I like the flexibility to easily adjust the width of the forks, ofcourse gda purposal is adjustable. I guess the penny has not dropped yet. I just need to get the right mental picture.

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  • sailor
    replied
    Wish I didn't

    I built some extended forks for a local cable t.v. company. They said the max load whould be moving 2000lb cable spools.Well I found out there moving 6000lb pound cable spools,I asked nicely please don't do this something bad is going to happen. They still continuing the practice as I cringe.

    Leave a comment:


  • Geezer
    replied
    Originally posted by gda View Post
    I made forks for my machine out of 2" square stock wth a 3/16" wall. It is what I had on hand for material and made them 2 tubes wide. I've moved 1500# pallets of stone with them. The clamp uses a stainless steel bolt and nut so it never rusts up. It was all scrap I had on hand. For your machine channel will be best - Solid bar would be adding lots of weight against the total lift capacity of the tractor for little gain.

    One more thing - when you weld them up you are going to be going for lots of penetration - which will cause warpage. For my forks I welded both up in the same manner and they warped the same - so they are even. (some people are probably scoffing at this - but hey - they are scrap metal forks - not a surgical instrument)
    GDA, thanks for the pics, those are stout forks!!!! Probably more than we need, but they could be modified to a smaller scale. Stainless steel threaded rod???? Wish I had that stuff laying loose. I'll chew on these suggestions and see where it leads. Thanks for the reply.

    Leave a comment:


  • Geezer
    replied
    Originally posted by griff01 View Post
    Northern Tool has them in their catalog. You could copy or modify from their pictures.

    Griff
    I check it out Griff, thanks

    Leave a comment:


  • Geezer
    replied
    Originally posted by reggie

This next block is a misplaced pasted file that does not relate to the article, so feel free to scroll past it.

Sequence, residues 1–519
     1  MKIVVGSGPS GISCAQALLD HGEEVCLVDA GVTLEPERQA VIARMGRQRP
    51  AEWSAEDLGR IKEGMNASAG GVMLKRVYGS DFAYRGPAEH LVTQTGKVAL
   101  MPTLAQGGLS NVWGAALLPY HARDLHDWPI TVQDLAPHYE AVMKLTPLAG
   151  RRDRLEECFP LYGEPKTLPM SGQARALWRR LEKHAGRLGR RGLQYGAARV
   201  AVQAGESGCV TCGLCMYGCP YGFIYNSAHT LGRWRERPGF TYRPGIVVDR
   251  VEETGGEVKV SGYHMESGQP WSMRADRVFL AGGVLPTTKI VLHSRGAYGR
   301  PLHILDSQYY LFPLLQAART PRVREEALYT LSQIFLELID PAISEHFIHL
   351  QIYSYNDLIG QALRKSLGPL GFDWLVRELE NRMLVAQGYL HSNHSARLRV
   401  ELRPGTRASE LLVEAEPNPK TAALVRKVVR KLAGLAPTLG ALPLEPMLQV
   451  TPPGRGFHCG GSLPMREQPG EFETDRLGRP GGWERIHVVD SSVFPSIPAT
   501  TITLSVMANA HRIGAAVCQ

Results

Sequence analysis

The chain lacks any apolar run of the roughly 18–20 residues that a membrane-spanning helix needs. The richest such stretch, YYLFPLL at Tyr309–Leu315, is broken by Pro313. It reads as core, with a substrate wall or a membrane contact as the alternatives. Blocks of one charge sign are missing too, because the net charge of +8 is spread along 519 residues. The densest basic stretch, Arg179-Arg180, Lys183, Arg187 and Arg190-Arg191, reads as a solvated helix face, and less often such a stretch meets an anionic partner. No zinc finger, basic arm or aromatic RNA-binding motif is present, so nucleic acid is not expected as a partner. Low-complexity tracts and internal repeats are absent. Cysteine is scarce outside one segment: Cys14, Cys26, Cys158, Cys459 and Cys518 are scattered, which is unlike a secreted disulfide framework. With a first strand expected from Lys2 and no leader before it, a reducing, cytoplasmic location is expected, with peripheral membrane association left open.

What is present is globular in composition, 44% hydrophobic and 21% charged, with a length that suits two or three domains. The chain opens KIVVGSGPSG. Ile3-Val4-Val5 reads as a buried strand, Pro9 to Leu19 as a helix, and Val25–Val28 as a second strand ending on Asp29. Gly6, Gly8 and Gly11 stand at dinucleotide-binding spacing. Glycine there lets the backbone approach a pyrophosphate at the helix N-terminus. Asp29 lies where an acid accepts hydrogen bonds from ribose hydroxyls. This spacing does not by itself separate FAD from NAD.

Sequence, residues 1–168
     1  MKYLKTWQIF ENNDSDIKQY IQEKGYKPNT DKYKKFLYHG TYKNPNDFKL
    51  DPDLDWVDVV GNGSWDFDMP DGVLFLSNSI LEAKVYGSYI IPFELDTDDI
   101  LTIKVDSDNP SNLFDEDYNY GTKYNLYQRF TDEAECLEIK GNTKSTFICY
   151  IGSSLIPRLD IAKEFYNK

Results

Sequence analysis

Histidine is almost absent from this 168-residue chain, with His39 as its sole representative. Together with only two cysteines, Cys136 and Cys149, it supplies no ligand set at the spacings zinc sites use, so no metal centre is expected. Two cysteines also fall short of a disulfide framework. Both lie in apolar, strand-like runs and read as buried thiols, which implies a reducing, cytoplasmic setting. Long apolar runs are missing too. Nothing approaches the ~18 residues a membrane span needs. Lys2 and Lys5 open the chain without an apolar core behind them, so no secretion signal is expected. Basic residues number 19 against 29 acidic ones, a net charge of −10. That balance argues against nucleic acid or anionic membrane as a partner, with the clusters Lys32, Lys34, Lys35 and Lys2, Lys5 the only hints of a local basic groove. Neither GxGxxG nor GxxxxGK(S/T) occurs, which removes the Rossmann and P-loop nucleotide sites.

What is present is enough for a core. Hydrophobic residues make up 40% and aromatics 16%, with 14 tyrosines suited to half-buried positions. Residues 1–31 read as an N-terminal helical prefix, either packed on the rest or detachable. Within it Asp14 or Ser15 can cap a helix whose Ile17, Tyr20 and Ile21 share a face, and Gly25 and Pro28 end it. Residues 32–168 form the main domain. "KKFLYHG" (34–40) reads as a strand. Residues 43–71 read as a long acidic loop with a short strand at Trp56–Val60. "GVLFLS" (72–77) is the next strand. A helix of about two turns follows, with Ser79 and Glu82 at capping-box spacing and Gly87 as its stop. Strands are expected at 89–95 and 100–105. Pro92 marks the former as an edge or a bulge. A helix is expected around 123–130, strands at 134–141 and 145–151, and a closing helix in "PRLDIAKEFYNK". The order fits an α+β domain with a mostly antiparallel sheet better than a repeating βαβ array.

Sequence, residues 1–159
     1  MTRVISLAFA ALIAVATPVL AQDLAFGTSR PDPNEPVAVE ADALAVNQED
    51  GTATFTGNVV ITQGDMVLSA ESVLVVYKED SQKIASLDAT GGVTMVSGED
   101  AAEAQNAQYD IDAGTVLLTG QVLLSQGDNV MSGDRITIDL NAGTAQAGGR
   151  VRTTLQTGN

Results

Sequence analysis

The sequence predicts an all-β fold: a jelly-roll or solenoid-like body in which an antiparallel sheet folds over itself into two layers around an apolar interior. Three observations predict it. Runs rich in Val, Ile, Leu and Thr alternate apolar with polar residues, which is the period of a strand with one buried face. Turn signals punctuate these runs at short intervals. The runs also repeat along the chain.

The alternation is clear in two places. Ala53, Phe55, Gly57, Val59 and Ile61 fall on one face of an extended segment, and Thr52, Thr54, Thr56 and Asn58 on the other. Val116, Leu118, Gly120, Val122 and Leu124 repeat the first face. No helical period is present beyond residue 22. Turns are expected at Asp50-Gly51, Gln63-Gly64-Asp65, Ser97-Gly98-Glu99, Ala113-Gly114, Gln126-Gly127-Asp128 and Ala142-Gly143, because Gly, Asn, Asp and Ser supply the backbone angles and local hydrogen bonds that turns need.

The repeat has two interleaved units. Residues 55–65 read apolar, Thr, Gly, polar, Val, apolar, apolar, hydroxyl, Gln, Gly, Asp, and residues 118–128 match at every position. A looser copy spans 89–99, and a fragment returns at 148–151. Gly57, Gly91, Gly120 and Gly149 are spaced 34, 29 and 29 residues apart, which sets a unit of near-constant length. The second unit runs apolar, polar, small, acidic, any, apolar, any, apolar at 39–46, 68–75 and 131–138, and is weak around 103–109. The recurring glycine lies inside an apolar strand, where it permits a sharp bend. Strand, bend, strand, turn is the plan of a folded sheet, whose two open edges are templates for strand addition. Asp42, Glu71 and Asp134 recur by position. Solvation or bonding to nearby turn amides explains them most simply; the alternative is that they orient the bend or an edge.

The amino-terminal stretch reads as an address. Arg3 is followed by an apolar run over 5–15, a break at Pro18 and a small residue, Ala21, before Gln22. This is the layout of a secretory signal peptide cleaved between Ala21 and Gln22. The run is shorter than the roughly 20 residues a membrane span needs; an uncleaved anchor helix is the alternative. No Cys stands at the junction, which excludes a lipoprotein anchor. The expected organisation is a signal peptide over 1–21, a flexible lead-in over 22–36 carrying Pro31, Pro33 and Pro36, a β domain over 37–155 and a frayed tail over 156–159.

end of fork towards bucket come up on a 90,top have sleeve of pipe width of channel on top,sides of bucket outside have pockets horizontal to recieve insert that has pipe with 90 hss on each end, pipe long enough to span bucket width.have this set up at height that bottom heal of fork will rest against bucket bottom[cutting edge].pockets can be hss that can be sleeved into another hss that is on pipe ends much like reciever,put a vertical pin between two,pipe on top of fork will sleeve other pipe alowing adjustment and the physics of heal on bucket bottom will keep forks level ,might want to gusset where channels come up on 90...could also drill sleeved pipes for pins to keep forks at desired width
    Thanks Reggie. I think I got it. Appears are suggesting to fab pockets on each inside wall of the bucket to hold one single length of pipe that will rest in the pockets and span the horizontal width of the bucket. Correct? This same horizontal span will fit into the sleeves welded to the top of the forks. Understand the gusset. Am I on target with your recommendation? If not, if you have a pic that would help a bunch. Thanks

    Leave a comment:


  • gda
    replied
    I made forks for my machine out of 2" square stock wth a 3/16" wall. It is what I had on hand for material and made them 2 tubes wide. I've moved 1500# pallets of stone with them. The clamp uses a stainless steel bolt and nut so it never rusts up. It was all scrap I had on hand. For your machine channel will be best - Solid bar would be adding lots of weight against the total lift capacity of the tractor for little gain.

    One more thing - when you weld them up you are going to be going for lots of penetration - which will cause warpage. For my forks I welded both up in the same manner and they warped the same - so they are even. (some people are probably scoffing at this - but hey - they are scrap metal forks - not a surgical instrument)
    Attached Files
    Last edited by gda; 04-12-2009, 10:40 AM.

    Leave a comment: